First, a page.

I’m yahoo-ing, low-bidding, and snatching up deals wherever I can find them…I’m grabbing as many over-priced, over-stuffed, and over-rated homes as I can get my greedy little hands on.

Aviv Nevo: one of the authors of the controversial Madison FSBO article who raised a lot of eyebrows with the study for his sharp insight, but also its limited applicability to the national market (not his fault at all). BTW, have you been to Madison lately? and is Jocko’s Rocketship near the football stadium still there?

I don’t know if it is time to believe in a housing bubble, and, frankly, I am not sure the average American should care.

Amir Korangy: founder and publisher of The Real Deal, to whom I have a particular bias, being in their publication a number of times, but for good reason: its a go to resource that is growing fast and has seemingly bigger than a Manhattan White Pages (8 pages of Millers, last time I checked).

Real estate prices are a local phenomenon based on employment, industry, and other factors including climate, quality of education, cost of living, immigration, and crime. Therefore, if the concept of a national housing market is ultimately a false construct, there simply cannot be a national housing bubble.

So why am I rambling about all these commentators in one column by a really smart contrarian economist? Because it speaks volumes about the residential housing market and how we see (or don’t see) it. The commentary represents a world filled with mixed signals, spin (cherry picking), more spin, limited applicability, out in left field silliness and rational thought, which leaves us freakin’ hungry to read more.

Oh, and by the way, I don’t think there was a quorum on the state of housing here.

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[Matrix Zeppelin Series] Sticky, Herd Mentality, Media Not Distorting, Acceptance of Risk, Smell Like Cabbage, Fear of Music, Price is Key and 75 Laminated Signs

September 29, 2006 | 7:38 am |


Despite Talk Like A Pirate Day and the Carnival of Real Estate Matrix readers actually thought about other things and said their piece.

Throwing caution to carny barkers walking the plank, here’s a few notable comments from the Matrix Zeppelin:

  • I find it interesting that people expect housing prices to “crash,” yet they are unwilling to see the value of their own home as dropping. Real estate prices are sticky-downward, because we price our homes based on our expectations and desires, not newspaper reports.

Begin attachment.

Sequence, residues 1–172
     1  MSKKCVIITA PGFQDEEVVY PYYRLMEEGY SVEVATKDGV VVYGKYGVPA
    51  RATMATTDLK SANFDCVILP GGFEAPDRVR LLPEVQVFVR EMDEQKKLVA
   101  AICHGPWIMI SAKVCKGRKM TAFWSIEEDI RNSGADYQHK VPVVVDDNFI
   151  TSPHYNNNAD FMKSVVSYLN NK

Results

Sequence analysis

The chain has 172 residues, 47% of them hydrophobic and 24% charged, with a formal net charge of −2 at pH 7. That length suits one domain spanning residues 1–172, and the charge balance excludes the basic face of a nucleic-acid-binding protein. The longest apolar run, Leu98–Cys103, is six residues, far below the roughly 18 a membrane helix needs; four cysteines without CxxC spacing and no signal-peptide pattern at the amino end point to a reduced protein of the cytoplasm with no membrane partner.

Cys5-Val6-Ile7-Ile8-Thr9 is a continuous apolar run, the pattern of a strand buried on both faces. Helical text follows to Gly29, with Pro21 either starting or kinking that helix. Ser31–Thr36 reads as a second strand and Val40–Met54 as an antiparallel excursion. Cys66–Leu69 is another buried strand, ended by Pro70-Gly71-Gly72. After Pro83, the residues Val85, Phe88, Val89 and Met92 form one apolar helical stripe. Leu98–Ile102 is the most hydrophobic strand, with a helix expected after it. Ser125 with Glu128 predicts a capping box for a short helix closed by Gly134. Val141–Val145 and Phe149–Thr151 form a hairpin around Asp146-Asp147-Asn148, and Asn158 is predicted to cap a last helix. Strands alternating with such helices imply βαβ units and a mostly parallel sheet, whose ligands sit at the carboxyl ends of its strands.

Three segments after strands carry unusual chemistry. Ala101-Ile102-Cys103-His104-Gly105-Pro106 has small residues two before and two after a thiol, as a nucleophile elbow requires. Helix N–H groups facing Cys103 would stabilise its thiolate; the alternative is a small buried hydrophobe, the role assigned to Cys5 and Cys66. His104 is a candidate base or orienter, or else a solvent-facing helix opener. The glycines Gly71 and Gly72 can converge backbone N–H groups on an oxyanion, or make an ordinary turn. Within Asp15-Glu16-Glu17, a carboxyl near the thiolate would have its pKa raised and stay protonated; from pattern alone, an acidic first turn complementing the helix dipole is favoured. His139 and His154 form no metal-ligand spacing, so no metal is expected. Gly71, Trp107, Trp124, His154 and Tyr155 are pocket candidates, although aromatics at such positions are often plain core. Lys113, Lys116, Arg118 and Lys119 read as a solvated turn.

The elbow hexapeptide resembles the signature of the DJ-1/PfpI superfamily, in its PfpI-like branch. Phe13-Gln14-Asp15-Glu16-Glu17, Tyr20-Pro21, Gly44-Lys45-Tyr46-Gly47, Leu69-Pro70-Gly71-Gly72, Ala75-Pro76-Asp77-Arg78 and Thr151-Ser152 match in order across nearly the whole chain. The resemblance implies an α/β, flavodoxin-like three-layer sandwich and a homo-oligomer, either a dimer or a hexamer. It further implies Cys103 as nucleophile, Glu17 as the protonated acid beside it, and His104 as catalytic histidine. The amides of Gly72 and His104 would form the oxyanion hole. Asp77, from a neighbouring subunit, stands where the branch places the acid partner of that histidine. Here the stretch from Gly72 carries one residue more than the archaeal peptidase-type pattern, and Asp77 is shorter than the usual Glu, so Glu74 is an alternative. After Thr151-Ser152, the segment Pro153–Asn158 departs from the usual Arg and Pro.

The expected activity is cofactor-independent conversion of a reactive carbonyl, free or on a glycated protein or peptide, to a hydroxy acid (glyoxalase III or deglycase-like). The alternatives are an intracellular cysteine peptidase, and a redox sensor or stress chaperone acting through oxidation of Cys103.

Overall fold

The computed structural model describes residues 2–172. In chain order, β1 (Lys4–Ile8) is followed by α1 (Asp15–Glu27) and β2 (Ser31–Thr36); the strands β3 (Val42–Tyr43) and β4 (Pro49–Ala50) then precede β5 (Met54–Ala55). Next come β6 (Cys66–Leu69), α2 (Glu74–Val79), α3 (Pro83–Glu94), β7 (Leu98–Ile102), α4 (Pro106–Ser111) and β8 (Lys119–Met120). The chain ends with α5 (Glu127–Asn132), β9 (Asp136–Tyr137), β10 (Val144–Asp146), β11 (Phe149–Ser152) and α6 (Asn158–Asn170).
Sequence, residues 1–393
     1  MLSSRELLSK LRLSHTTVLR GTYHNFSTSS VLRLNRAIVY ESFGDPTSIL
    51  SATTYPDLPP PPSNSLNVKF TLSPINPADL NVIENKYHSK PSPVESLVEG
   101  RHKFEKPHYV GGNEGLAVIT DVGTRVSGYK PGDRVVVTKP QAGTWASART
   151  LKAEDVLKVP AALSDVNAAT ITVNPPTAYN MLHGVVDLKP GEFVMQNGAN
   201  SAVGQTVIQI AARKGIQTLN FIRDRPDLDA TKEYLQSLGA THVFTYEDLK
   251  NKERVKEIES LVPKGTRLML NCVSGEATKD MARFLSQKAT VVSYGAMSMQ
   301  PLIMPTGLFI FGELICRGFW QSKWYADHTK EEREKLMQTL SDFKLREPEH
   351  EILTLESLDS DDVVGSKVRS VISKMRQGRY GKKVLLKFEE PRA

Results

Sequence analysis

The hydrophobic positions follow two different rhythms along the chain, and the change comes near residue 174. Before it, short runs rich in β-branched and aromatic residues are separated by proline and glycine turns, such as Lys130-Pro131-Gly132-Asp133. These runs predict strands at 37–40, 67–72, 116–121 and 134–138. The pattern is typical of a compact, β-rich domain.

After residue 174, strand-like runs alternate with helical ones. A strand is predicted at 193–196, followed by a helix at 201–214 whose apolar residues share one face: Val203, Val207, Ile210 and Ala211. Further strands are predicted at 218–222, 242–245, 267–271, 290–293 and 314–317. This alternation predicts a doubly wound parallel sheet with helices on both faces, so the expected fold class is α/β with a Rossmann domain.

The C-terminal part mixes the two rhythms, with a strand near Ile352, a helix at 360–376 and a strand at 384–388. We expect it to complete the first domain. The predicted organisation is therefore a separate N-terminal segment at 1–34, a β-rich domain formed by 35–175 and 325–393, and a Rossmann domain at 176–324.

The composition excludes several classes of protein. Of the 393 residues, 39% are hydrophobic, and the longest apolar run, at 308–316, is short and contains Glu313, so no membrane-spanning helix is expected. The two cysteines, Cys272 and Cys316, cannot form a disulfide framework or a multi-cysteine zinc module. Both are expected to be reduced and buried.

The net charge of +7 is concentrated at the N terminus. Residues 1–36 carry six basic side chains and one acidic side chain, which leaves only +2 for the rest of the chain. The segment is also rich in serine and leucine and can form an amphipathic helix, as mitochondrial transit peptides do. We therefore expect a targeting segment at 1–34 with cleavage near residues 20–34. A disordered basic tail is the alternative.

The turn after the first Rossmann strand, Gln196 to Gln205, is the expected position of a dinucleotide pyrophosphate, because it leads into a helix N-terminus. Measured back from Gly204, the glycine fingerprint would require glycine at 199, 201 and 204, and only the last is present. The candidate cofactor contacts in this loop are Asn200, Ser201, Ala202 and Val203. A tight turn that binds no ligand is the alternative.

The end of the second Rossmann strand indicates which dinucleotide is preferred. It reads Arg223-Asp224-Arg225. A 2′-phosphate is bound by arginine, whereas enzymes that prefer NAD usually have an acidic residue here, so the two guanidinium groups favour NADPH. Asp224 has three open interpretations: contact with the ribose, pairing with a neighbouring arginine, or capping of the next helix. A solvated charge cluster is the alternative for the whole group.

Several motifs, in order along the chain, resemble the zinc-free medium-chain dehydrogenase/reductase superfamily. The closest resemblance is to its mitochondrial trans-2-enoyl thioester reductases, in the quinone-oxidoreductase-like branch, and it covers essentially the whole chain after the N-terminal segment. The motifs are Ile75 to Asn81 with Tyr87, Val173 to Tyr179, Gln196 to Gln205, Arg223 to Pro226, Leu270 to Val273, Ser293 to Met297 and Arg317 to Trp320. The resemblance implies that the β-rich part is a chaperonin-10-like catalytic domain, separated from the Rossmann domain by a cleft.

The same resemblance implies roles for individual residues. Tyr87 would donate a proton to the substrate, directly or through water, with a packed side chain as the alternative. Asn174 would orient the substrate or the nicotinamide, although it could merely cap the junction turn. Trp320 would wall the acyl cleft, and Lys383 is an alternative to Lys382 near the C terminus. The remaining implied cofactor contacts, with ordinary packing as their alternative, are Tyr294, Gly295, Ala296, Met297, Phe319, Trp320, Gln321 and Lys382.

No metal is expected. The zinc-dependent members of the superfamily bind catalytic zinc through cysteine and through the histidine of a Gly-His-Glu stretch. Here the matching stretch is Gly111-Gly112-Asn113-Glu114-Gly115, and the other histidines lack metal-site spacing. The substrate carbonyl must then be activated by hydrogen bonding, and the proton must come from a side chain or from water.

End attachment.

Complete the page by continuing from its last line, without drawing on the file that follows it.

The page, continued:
• media coverage, if its not accurate, can help exagerate the highs and the lows of a market. I am not blaming the media at all, its just that I think there is a tremendous herd mentality out there right now.

  • the “herd” is finally waking up to the reality that housing prices must revert to the mean…the media is not distorting the issue; they are merely taking a hard look (for the first time in many years) at the fundamentals of real estate. and the fundamentals are overwhelmingly negative.

  • Sort of along the lines of what you are saying, I know my own perception has changed, over the past several years. Three years ago, when I bought my first condo, I wanted as much home as possible, so I got an adjustable rate 1st loan and interest only 2nd loan. This time around, in May, I was steadfast against getting an ARM, for either. The rates were just a bit higher for the 1st, and a lot higher for the second, but I didn’t want to take any chances. Bottom line? My acceptance of risk had been reduced, because of the uncertain housing market. Others, especially those who can’t afford to take out a fixed-rate mortgage loan at 8% instead of 5% (our 2nd loan rate) will have no choice but wait it out.

  • I find the best blogs at “carnivals” also tend to find carnies. Small hands. Smell like cabbage.

  • I am in Hoboken and it’s a sea of “For Sale” signs, whether on the street or attached to buildings. But I grew up in a town that banned them. I guess it is supposed to provide owners with a sense of security, but frankly, if you really want to sell, I think it’s pretty decent advertising.

  • Here’s another one from Coldwell Banker that claims it will help me “Find myself a city to live in.” (If you’ve also got Fear of Music and ‘77 in your collection, you’re all set as far as I’m concerned.)

  • I have come to a similar conclusion concerning refinancings, but do you think that it will really have an effect on homebuyer mentality? I think that even if rates drop a little, sales will still be down and inventory up, because at this point price is key, and until that comes down, nothing will move. After all, interest rates have been low and falling all summer and it hasn’t helped at all. But that was just my own thought.